When it comes to reproductive and sexual health issues, women often find themselves getting misdiagnosed or, worse yet, not diagnosed at all. This can be due to a variety of factors such as a lack of research into these conditions, taboos surrounding discussing sexual health openly, or even fear of being judged or accused of faking it.
Regardless of the reason, any medical condition should not be ignored. If you are experiencing any symptoms that could be related to a reproductive or sexual health issue, it is important to speak with your primary doctor or gynecologist. They can help make sure you get the correct diagnosis and begin to receive the right treatment plan.
Here are three common conditions that can be difficult to diagnose in women, and what you can do to make sure you’re getting the right care.
Endometriosis is a condition where tissue similar to the lining of the uterus (endometrium) starts growing in other parts of the body, usually within the pelvic cavity. Then, during menstruation, these patches of tissue react the same way that it does in the uterus. But since the tissue can’t shed and exit through the vagina, it can cause pain, inflammation, abnormal growths, and scar tissue.
Endometriosis is often misdiagnosed as a digestive disorder, inflammatory disease, or even a psychological disorder, due to the similarity in symptoms to other conditions.
The most common symptoms of endometriosis include:
● Chronic pelvic pain
● Pain during sexual activity
● Painful, heavy, or worsening periods
● Abdominal bloating or cramping
● Difficulty getting pregnant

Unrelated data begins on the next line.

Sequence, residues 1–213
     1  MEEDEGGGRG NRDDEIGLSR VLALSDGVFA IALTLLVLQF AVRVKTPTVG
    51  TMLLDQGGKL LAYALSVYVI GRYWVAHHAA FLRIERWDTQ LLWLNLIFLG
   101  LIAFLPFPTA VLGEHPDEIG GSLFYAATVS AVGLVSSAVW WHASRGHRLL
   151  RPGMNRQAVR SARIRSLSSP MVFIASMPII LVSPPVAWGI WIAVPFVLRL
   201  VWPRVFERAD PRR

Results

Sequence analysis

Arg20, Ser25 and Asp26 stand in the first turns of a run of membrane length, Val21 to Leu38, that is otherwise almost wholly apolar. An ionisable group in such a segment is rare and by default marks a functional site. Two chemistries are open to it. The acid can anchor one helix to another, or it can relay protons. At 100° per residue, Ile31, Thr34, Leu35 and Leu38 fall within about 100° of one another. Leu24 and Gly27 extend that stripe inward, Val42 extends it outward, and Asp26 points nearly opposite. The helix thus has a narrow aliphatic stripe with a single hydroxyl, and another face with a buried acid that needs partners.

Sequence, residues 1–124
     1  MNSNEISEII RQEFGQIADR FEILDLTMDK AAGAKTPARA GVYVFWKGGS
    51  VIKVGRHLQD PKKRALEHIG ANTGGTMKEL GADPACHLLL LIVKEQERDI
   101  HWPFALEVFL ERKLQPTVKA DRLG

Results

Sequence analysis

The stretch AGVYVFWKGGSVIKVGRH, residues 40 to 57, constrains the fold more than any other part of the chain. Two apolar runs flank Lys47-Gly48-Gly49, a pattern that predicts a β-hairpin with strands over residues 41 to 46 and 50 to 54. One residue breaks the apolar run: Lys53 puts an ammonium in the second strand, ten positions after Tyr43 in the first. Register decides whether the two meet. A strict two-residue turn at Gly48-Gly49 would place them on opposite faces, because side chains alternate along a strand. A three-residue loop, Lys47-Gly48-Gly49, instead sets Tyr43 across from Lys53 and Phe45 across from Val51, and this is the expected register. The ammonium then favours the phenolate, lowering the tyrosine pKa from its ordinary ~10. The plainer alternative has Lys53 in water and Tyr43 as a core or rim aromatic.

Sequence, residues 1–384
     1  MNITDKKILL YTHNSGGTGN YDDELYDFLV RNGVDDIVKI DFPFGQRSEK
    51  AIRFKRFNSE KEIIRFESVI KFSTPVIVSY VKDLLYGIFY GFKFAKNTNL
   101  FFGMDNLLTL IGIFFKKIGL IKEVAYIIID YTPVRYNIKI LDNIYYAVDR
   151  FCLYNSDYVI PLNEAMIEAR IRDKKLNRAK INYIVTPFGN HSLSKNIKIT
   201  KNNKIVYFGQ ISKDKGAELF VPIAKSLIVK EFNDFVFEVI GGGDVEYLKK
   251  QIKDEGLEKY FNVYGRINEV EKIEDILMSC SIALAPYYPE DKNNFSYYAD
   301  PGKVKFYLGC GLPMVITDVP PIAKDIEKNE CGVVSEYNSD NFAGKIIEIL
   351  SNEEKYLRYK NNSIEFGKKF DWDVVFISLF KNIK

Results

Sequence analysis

In many cases, women with endometriosis may be unable to conceive. It is estimated that around 40% of women who experience infertility are also living with endometriosis.
Polycystic Ovary Syndrome
Polycystic Ovary Syndrome (PCOS) is a hormonal disorder that affects around 10-20% of women. It is characterized by the formation of many cysts in the ovaries, which can cause irregular menstrual cycles, hormone imbalances, and infertility.
The symptoms of PCOS may resemble those of other hormonal disorders and can include:
● Excessive hair growth on the body, face, or chest
● Hair loss
● Weight gain
● Irregular periods
● Depression and anxiety
Without treatment, PCOS can lead to other medical issues such as diabetes, high cholesterol, and high blood pressure.
Dysmenorrhea is the medical term for painful periods. Sometimes it is a condition on its own, with no known underlying causes (primary dysmenorrhea). In other cases, it may be a symptom of an underlying condition such as endometriosis or pelvic inflammatory disease (secondary dysmenorrhea).
The symptoms of dysmenorrhea can vary from person-to-person, but usually include:
● Severe cramping or pain in the lower abdomen during menstruation
● Body aches
Although dysmenorrhea is not generally a life-threatening condition, it can be very stressful, uncomfortable, disruptive, and even debilitating in some cases. Medications can often be used to manage the symptoms and make periods more bearable.
Painful periods can be influenced by:
● Tilted uterus
● IUD birth control
● Ovarian cysts
No matter what your current situation is, it is important to speak with your healthcare provider about any reproductive or sexual health issues you may be experiencing. With the right diagnosis and treatment plan, you can get the relief you need and deserve.